This article explores specific tips to help professionals write a really strong profile that showcases your talent and ensures your profile ranks well in searches when employers and head hunters are looking for candidates matching your ideal job.
Having worked in executive recruitment for several years and having built a career site that ranks number 1 in Google for a variety of top search terms, I understand how important it is to develop and organise your profile to capture the attention of the people who really matter. Think of the process in terms of developing a mini website that you need to optimise to be picked up by search engines for target keywords and search terms. By following these steps you can really optimise your profile to unlock the best career opportunities in the hidden job market:
1. Professional Headline
This should be the easiest part of your profile to complete and is really a few words to describe what you are e.g. Executive FMCG supply chain professional, Retail Human Resources Manager or Supply Chain Graduate.
Arguably the most important part of your profile, providing the opportunity to include a range of powerful keywords to increase your ranking within search results. Think of this section as an overview of your professional experience to date showcasing your capabilities.
Executive leaders may use this area an as opportunity to really promote the scale and breadth of responsibility of their professional experience. Let’s take headcount as an example, you could use this section to promote the size of teams, departments and operations you have led:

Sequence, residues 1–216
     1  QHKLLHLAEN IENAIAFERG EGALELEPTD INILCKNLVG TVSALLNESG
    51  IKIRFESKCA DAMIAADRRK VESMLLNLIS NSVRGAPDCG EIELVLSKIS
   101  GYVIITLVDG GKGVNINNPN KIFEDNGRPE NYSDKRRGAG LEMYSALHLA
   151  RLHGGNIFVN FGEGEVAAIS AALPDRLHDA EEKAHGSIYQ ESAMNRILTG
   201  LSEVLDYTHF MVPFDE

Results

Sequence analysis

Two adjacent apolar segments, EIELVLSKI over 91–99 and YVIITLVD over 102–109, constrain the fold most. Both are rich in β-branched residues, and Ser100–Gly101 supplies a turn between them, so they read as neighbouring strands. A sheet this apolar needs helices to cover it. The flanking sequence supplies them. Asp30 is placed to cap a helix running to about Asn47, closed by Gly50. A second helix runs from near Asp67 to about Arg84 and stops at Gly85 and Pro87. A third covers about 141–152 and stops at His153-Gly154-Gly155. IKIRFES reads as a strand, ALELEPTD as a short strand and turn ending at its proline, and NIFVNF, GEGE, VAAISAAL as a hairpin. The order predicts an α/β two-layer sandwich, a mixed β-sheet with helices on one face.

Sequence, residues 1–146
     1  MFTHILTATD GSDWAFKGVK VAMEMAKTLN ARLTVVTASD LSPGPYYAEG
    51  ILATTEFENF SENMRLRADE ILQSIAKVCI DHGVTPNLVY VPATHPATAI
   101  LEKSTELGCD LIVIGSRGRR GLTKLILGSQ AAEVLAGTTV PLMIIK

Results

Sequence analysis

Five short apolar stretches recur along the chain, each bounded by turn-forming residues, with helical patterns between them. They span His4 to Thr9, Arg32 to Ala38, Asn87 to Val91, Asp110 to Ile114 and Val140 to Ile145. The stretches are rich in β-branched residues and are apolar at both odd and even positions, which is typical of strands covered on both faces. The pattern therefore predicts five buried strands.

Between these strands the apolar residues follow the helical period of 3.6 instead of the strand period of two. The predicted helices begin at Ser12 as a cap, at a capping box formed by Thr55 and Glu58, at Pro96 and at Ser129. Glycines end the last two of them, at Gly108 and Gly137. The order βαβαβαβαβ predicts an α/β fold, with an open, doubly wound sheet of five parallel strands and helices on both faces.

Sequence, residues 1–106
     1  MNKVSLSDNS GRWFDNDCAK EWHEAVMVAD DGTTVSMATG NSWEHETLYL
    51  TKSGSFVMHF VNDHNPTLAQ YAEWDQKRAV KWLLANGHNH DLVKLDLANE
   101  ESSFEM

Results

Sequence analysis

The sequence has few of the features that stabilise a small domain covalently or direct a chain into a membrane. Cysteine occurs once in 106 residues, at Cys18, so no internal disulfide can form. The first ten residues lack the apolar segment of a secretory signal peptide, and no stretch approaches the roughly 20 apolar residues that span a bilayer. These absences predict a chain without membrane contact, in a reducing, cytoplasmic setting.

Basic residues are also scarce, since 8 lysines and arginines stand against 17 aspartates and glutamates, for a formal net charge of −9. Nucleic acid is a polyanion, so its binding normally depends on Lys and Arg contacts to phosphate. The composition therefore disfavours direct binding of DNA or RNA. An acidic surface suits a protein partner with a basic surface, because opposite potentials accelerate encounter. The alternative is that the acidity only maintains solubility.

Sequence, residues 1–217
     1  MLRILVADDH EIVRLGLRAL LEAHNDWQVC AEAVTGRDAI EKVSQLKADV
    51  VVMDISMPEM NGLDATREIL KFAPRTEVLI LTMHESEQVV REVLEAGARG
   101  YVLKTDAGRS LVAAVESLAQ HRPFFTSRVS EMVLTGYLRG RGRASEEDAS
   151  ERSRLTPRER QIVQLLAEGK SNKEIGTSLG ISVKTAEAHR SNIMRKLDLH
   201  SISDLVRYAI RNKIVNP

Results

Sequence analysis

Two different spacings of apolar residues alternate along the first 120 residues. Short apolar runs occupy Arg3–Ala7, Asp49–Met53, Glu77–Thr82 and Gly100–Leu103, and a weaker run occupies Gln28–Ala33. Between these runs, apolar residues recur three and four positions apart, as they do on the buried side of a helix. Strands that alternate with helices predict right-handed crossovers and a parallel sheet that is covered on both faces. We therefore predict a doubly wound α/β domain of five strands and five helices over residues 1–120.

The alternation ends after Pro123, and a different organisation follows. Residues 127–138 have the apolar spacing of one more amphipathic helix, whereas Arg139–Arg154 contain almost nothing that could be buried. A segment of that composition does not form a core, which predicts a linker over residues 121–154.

“Experienced FMCG logistics operations leader with a proven track record in driving change and performance improvement in sites of up to 500 employees”.
In one sentence you have provided an overview of your specific industry background, an idea of scope of responsibility and a number of powerful keywords.
Procurement practitioners may showcase the size of spend across key categories under the scope of their control:
“MBA qualified procurement leader from the banking and finance sector with experience of managing an ICT spend of up to $1billion and strategic sourcing teams of up to 20 indirect reports”.
Bullet points are a great way of listing areas of experience and responsibility whilst enhancing the presentation of your professional summary.
You can use bullet points to describe the types of industry sectors you have worked across, MRP systems you have worked with or even headline your key achievements. Procurement professionals may wish to list the spend categories they have managed.
When compiling your summary stay focussed on your next career step and bare this in mind when optimising your powerful keywords and promoting your experience to date. For instance, supply chain leaders looking to move into general management or business unit leadership should really focus on core competencies and demonstrating versatility in driving successful outcomes whilst working with a variety of stakeholder groups. Human Resource professionals looking to specialize in particular area of HR need to outline their previous generalist positions that may of had a strong employee relations, industrial relations or remuneration focus. This is when P&L responsibility, commercial acumen and achievements around overall business performance should really come to the fore.